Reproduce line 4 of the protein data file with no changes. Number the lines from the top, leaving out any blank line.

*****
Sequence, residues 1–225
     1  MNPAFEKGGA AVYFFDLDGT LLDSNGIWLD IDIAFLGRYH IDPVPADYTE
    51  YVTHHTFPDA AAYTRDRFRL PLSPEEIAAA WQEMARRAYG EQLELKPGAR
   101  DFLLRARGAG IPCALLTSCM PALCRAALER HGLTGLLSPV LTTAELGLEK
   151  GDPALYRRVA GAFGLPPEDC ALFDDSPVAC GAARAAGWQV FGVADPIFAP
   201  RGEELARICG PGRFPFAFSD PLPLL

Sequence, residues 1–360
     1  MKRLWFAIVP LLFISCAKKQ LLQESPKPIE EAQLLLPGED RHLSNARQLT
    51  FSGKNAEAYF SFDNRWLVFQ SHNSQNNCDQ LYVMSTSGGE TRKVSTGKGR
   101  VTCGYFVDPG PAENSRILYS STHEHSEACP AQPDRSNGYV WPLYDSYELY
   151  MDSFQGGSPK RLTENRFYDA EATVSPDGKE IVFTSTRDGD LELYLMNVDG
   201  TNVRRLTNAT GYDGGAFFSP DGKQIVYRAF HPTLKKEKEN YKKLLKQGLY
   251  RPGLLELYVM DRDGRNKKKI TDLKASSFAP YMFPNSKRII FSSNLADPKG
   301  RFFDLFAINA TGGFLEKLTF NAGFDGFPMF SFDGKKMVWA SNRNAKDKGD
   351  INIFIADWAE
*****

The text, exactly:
   101  DFLLRARGAG IPCALLTSCM PALCRAALER HGLTGLLSPV LTTAELGLEK